With just a few weeks remaining before winter sets in, the village of Riverside is largely taking over a volunteer project to clear the area behind the Riverside Township Hall to provide a link between Swan Pond Park and the swinging bridge and to provide better views of the Des Plaines River.

On Oct. 24, Village Manager Peter Scalera met with Riverside resident Jerry Buttimer to settle on a plan of action for finishing the project, which began in September as a simple path-clearing and then morphed into a major shrub and tree removal effort along the river’s retaining wall from the swinging bridge to behind the Riverside Public Library.

“There’s a very small window of opportunity, so we have to move very quickly now,’ said Scalera. “Hopefully we can start [this] week.”

Scalera said he was obtaining proposals from local landscaping companies to remove fallen trees and shrubs that now litter the riverbank for about 400 feet behind the township hall and library. He also said the companies are being asked to quote prices for cutting the remaining stumps to the ground and applying herbicide to make sure they don’t quickly grow back.

In addition, the companies are being asked to replant the area directly behind the township hall with a natural ground cover that will mix grasses and flowers and won’t block passage through the area by pedestrians, said Scalera.

“We’re looking for something that won’t require significant maintenance,” he said.

The village has been moving toward taking over control of the project since the shrub removal on both the upper and lower banks of the riverbank started in September. While the village board appeared supportive of the effort, it made village staff nervous.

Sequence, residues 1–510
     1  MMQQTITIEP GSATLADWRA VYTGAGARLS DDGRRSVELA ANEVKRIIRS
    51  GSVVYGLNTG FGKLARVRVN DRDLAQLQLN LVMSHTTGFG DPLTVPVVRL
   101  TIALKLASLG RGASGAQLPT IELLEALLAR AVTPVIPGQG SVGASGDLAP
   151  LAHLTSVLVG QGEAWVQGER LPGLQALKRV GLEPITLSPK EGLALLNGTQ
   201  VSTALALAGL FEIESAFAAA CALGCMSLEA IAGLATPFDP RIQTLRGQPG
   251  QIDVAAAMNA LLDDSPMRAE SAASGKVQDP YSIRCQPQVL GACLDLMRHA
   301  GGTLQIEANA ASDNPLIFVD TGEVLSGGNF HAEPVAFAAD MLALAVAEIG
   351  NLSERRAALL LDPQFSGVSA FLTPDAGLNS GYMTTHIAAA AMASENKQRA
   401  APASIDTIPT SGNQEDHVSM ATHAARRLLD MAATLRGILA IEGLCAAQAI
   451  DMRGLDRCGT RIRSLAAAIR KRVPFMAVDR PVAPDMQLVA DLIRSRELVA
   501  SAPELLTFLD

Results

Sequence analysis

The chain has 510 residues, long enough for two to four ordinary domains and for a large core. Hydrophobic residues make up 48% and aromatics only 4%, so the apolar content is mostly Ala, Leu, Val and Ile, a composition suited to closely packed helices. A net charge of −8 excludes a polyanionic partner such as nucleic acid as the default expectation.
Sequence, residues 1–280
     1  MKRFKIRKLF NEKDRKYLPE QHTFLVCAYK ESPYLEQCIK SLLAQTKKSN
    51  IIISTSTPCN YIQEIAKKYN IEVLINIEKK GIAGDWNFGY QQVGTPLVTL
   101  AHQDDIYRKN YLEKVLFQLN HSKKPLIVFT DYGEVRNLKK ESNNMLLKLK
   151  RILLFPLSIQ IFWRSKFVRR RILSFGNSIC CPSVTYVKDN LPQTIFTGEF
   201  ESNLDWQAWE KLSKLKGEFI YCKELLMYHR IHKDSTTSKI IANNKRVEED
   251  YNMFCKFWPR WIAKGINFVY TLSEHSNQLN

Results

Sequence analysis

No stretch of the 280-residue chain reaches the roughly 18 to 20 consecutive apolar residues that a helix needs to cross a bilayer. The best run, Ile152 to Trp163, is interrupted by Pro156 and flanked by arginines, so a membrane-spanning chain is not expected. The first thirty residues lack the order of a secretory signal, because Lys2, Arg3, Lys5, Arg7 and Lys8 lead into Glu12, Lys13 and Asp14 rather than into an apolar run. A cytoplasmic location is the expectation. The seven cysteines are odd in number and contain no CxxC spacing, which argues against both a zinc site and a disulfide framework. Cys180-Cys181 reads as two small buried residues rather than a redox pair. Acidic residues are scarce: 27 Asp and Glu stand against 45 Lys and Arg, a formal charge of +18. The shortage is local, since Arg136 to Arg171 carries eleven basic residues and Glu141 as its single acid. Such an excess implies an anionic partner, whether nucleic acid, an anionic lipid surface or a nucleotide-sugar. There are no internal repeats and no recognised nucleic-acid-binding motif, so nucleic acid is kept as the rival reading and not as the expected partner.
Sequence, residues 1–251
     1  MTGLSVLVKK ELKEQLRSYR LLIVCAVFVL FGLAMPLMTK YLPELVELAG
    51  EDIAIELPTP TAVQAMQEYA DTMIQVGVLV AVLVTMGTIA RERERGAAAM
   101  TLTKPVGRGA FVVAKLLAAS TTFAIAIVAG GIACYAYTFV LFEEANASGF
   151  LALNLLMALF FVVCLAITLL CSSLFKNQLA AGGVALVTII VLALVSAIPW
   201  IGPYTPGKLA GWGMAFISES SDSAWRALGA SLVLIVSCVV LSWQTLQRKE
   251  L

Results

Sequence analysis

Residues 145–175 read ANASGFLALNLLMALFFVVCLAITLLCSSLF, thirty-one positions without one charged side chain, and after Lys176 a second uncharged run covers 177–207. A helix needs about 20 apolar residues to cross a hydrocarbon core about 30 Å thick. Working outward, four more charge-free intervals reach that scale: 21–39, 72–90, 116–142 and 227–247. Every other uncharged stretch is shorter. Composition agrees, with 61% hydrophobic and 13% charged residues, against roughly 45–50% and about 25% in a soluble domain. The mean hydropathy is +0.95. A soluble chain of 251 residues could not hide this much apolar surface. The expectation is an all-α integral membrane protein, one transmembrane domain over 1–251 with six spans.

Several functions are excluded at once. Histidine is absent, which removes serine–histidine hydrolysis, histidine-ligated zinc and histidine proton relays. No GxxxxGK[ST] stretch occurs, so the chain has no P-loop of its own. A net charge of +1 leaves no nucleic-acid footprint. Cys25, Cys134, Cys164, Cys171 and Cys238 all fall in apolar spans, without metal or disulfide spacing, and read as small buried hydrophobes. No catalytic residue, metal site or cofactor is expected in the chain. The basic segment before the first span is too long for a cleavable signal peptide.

A cadre of volunteers working with chainsaws on a steep riverbank was a liability issue, even though the volunteers signed waivers. Village staff were also not pleased when some modest regrading was done to level a steep slope along part of the upper bank.

“Staff did not provide the go-ahead to do that,” said Scalera.

Buttimer and the village also did not see eye to eye on what type of fence to erect along the edge of the cleared area. Buttimer had pitched a black chain-link fence as a cheap and easy solution that, he said, wouldn’t obstruct views or be very noticeable from the far side of the river.

But both the Riverside Preservation Commission and Landscape Advisory Commission shot down chain-link as a solution. According to Scalera, Buttimer is still involved with the project with respect to obtaining an appropriate fence.

“I thought that was the practical mid-term answer until you get development [of the former Youth Center to the east of the township hall],” said Buttimer. “I thought that would meet the highest standard for safety.”

It’s not clear what the final fence solution will be for the area. Presently, the area is cordoned off by temporary fencing.

Scalera has been adamant that the cleared area should not be considered an official path, despite Buttimer’s initial hope that the cleared area could serve as part of a 5K race course for an event that since has been scrapped.

“What the board agreed to do was open up the area so the river could be viewed,” said Scalera. “It’s not intended to be a walking path for individuals.”

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